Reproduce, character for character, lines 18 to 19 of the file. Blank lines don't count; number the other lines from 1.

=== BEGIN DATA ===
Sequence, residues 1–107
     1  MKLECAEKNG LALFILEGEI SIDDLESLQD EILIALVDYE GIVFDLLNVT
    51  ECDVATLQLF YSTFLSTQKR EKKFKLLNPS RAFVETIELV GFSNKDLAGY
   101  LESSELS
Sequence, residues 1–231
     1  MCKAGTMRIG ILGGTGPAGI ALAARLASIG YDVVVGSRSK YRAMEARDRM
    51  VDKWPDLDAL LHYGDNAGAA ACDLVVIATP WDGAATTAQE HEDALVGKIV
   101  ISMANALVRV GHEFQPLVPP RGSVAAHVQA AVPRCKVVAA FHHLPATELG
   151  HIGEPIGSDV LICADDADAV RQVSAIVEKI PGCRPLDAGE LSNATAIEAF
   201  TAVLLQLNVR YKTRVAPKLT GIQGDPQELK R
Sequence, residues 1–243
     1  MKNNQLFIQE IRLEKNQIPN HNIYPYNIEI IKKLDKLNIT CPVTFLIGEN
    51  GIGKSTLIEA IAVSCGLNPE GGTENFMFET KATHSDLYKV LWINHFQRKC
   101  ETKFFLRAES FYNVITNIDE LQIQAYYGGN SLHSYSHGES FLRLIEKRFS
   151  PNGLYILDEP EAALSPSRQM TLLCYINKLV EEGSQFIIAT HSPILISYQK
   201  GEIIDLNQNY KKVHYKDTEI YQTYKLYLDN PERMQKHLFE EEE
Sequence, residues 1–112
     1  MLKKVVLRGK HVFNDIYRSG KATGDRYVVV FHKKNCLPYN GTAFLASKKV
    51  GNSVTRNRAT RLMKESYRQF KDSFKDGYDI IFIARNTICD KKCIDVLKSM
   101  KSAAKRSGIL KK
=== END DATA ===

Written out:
     1  MLKKVVLRGK HVFNDIYRSG KATGDRYVVV FHKKNCLPYN GTAFLASKKV
    51  GNSVTRNRAT RLMKESYRQF KDSFKDGYDI IFIARNTICD KKCIDVLKSM